Our ancestors encountered all sorts of dangers when hunting and gathering food, I guess not much has changed. Although we don’t face the immediate threat of death in our local supermarkets, they have become a treacherous environment for people wanting to eat healthy and well.
Supermarkets are a shopper’s paradise and have changed the way we eat. Cheap food, perfectly presented and variety we’d never have been imagined 50 years ago.
Most people do the grocery shopping at least once a week and leave believing they have a car boot full of tasty, healthy food.
But have we been tricked?
Maybe. See, supermarkets are a sophisticated landscape designed to extract as many dollars from our wallets as possible. Even if that means spending money on high sugar, high fat food and drink that can compromise our health.
The ‘closed’ entrance
When we enter a supermarket, the swinging gates prevent us from leaving the same way. The place immediately has us in its power.
Fruit and vegetables come first
The natural imagery, fresh scents, and bright colours inspire a positive and happy mental state in shoppers. We are now in a good mood and ready to spend, spend, spend.
Next comes the bakery
The smell of fresh baked breads and pastries tends to make us feel hungrier while shopping, driving us to buy more. Every food in sight becomes a potential treat to satisfy our taste buds.
Wholefoods are on the perimeter
Generally, the healthier unprocessed fruits, vegetables, meat, fish and dairy are around the edges. This makes sense as we spend more time walking up and down the aisles containing the most profitable, highly processed foods.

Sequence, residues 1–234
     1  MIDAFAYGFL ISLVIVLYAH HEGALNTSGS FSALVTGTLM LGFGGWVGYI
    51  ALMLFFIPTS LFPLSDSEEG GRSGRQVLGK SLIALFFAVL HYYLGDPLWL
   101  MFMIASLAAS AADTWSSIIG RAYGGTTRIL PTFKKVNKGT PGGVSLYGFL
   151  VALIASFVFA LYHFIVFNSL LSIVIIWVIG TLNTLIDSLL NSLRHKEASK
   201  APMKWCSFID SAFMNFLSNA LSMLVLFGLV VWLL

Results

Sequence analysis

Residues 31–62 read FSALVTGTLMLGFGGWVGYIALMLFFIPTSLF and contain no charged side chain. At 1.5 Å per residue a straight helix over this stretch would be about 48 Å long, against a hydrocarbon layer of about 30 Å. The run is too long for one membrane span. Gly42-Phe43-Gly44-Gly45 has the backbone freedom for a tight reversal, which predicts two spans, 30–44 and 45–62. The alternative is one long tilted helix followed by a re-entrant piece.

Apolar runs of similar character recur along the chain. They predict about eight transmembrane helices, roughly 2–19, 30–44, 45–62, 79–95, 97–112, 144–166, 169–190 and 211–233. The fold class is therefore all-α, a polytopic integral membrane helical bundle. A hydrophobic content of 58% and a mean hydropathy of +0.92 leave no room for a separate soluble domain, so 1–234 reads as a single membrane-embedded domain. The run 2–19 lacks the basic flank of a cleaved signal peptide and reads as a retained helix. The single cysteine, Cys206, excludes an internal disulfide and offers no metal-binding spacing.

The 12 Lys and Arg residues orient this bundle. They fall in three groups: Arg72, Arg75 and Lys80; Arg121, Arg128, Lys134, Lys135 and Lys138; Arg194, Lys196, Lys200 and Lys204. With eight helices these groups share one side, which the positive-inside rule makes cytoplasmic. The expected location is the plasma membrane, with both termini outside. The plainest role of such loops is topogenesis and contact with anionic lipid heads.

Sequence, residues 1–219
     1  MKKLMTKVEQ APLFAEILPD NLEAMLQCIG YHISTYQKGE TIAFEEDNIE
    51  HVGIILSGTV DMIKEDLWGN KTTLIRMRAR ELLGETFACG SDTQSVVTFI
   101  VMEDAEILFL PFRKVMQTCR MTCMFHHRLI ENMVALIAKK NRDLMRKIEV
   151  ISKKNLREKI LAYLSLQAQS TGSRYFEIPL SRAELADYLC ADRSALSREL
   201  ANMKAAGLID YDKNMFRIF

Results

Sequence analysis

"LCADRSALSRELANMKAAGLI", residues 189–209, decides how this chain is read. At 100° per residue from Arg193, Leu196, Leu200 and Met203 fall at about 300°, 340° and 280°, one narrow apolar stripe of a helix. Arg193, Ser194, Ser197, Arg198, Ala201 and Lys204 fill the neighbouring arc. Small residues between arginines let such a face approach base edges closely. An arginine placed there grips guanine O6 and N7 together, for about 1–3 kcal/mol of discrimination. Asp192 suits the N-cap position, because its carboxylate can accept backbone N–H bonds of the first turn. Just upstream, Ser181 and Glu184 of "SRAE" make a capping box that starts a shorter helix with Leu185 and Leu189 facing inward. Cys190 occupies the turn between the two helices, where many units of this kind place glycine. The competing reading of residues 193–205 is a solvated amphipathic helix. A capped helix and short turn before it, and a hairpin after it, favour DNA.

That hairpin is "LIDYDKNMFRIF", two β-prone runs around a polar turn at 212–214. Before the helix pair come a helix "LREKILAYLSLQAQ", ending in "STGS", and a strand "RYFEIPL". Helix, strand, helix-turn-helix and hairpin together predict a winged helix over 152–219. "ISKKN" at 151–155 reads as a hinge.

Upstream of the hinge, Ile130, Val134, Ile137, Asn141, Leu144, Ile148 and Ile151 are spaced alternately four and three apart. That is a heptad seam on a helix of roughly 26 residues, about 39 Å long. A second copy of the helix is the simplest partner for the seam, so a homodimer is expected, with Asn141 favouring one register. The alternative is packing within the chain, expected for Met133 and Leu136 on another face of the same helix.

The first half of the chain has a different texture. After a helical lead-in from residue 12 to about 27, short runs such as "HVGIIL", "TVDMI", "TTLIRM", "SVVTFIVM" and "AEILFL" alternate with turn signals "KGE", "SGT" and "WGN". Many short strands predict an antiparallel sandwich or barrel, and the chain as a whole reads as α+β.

Products are strategically placed to steal our attention. Even the height of products can influence what we buy. Those at eye level are the most profitable, with the less enticing money spinners down on the bottom shelves. You will always see the super processed cereal right in front of you, while the poor old oatmeal is hidden down below.
Milk, eggs and bread
Despite these three foods being staples in many of our diets, they will always be the maximal amount of steps away from the entrance, with the path having many temptations along the way.
Ten tips to be supermarket savvy
1. Make a list and stick to it. Write down everything you need. Look out for the bargains on your list, but don’t go grabbing extras treats you haven’t planned for.
2. Set yourself a budget and try your best not to break it.
3. Shop around the edges and aim to go down the aisles as little as possible. Fill your trolley with fresh fruits and vegetables, lean meats, fish and low fat dairy.
4. Don’t shop when you’re hungry. We often crave those energy dense snacks when we haven’t eaten.
5. Spend most of your time in the produce section. This is the first area in most grocery stores and usually the largest. Choose a variety of colourful fruit and veg.
6. Don’t confuse hype with facts. If you want to eat healthy food, ignore the screaming claims on the package and go straight to the nutrition information label on the back.
7. Shop less often. The more we go to the supermarket, the more likely we are to spend on foods we don’t want.
8. Stay away from goods covered in pictures and cartoons. These are often masking the junk.
9. Stock up on frozen fruit and vegetables. These foods are as good for you as they were when fresh and help fill your produce quota, especially in winter.
10. Don’t be loyal to loyalty cards. Avoid going to the supermarket altogether by shopping local. Farmers markets, fruit and vegetable outlets, and butchers are a great way to get your groceries each week.